Do you always take the skin off your fish fillets before you cook? You’re not alone. Many people assume fish skin always has an off-putting texture or is even not consumable. But cooking a fillet, especially from a fish such as wild salmon or whitefish, is actually easier with the skin on. And cooked properly, crispy fish skin adds a flaky, delicious layer to your meal.

Trust us. You may never go back to removing the skin again!

Does fish skin taste good?

The skin, eaten independent of the whole fish, has made tasty snacks for cultures around the world for centuries. Singapore residents love salted fish skin dipped in egg-yolk batter and fried until crispy. This treat is available in bags, like potato chips.

crispy fish skin
A favorite snack in both Pacific and Mediterranean cultures: fish skin, dipped in either batter or egg yolks and crumbs, and fried until deliciously crisp.

You’ll find crispy fish skin tastes much like whatever fish you’re dining on, whether wild salmonAlaskan codChilean sea bass or something else, albeit with a rather more substantial, and we would say equally delightful, texture.

Fish skin also includes many of the same nutrients as skinless fish fillets do. That means vitamins A and D, iron, omega-3 fatty acids, and more.

How to cook fish with skin on

The key to tasty skin-on fish is to thoroughly dry the fillets before cooking. Drying it can be as simple as leaving the fillet on a plate skin-side up and uncovered in the fridge for an hour before cooking. You can also pat it dry with paper towels or a clean, cotton kitchen towel. Basically, do whatever you can to soak up any extra moisture.

It’s likely your bad memories of fish skin are due to chefs (or home cooks) who started with wet fish. Extra moisture steams the skin, leaving it soggy and unappetizing. Soggy skin is also more likely to stick to your pan and become harder to take off while you’re eating, and subsequently cleaning. That’s why drying your fillets before cooking is a win-win-win (tastier if you’re eating it, easier to cook, and easier to remove if you’re discarding).

crispy fish skin salmon fillet
After pressing down on the fish to sear the skin, flip it until the fillet is opaque to the center – no longer!

Whether you’re pan-roasting, pan-searing, broiling, or using some other method, you’ll want to start cooking with the skin-side down. That way, it’ll be easier to flip, and the skin will be easier to remove, should you choose to do so, before eating. But again, you might just find that the brown, crispy skin you achieve with this method can be delicious!

It’s best to opt for high heat when crisping fish skin. The best way to ensure success: press down on the fillet for about 30 seconds while it is skin-side down to make sure the entire bottom is getting seared.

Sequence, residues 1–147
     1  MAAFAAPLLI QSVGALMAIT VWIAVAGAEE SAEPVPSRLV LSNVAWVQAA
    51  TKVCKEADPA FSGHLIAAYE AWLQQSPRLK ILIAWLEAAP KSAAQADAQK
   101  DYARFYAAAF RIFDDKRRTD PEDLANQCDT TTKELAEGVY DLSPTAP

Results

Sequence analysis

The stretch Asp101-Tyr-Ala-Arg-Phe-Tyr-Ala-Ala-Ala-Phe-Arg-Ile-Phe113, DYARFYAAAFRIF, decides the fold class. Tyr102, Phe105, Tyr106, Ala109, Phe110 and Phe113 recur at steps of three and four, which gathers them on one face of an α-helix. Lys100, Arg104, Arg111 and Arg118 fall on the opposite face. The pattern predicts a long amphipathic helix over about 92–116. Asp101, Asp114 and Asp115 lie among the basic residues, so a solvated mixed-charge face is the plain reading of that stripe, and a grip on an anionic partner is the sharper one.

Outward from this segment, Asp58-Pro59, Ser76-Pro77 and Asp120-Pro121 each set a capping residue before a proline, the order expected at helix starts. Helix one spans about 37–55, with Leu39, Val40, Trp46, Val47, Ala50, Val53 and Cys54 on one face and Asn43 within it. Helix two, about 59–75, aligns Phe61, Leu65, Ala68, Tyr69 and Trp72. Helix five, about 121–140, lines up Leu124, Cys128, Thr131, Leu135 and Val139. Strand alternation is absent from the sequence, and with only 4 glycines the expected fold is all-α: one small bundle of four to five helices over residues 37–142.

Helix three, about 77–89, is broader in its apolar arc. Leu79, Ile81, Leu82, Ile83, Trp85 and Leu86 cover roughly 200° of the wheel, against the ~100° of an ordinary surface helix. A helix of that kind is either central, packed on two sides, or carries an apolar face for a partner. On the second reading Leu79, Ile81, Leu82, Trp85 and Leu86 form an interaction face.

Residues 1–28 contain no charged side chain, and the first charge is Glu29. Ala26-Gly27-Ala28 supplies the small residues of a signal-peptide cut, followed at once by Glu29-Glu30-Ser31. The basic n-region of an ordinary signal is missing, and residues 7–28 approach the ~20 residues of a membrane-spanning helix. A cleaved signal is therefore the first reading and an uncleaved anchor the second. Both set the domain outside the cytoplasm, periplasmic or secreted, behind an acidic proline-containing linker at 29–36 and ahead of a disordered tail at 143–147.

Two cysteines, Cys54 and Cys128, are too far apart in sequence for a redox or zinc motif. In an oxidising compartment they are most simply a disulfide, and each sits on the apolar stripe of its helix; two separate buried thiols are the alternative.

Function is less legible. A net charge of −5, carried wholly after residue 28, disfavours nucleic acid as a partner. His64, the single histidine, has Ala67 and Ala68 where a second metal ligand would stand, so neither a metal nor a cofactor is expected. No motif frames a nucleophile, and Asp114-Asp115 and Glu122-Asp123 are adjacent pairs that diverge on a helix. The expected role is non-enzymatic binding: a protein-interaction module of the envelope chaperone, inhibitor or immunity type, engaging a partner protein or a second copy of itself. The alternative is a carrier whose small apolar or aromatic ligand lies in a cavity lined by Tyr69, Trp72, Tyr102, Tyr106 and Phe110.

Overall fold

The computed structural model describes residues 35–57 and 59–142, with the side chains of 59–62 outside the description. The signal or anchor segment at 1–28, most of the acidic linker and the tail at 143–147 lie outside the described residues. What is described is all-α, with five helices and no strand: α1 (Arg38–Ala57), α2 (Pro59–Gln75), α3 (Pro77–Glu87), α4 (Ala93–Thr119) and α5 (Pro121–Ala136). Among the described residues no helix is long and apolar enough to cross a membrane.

Don’t worry if the fillet sticks to the pan initially. Once the skin starts to crisp, your spatula will slide right under. This is particularly true if you choose a non-stick pan, such as one of the newer ceramic-based nonstick options.

Which fish are best cooked skin-on?

The best fish to cook with the skin intact are often those with thin, tender fillets. Salmon, like Wild Alaskan SockeyeWild King, or Wild Alaskan Silver Salmon are all excellent options. Whitefish are great too, like Wild Alaskan Sablefish or Wild Atlantic Haddock.

The only fish that might thwart your crispy-skin plans are thicker cuts, like steaks of tuna. (But don’t worry, there are plenty of other delicious ways to eat tuna, such as in an ahi tuna poke bowl.)

By the way, if a restaurant serves you a skin-on fish dish, there are a few clues to whether you’re supposed to eat it or not. A chef who places a fish skin-side up, with skin that’s brown and crispy and easily cut with a fork, is providing you with clues that the skin is meant to be eaten. (And you should at least try it!)

Skin-side down will be easier to eat around, and if it’s soft and soggy, you might not enjoy it very much. In that case, it’s the diner’s choice.

What about the scales?

Luckily, many of the skin-on fish fillets you might find at the store or from quality online retailers will already be de-scaled. That is, even though the skin is still on, the supplier has removed the scales. So then it’s just a matter of how it’s prepared, how delicious it is, and whether you want to eat it.

The bottom line

If you’ve never eaten fish with perfectly browned, crispy skin, give it a try! With a little practice, you can easily fry up skin-on fillets at home. Just remember to thoroughly dry your fillets before cooking. Skin-on wild salmon is a great place to start, and for many people, is the star of the crispy skin options. Bon appétit!

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Nathaniel Scharping is a science writer and former Discover Magazine editor. He writes about health, the environment, biology, physics and more with Seattle-based Lunaris Creative.

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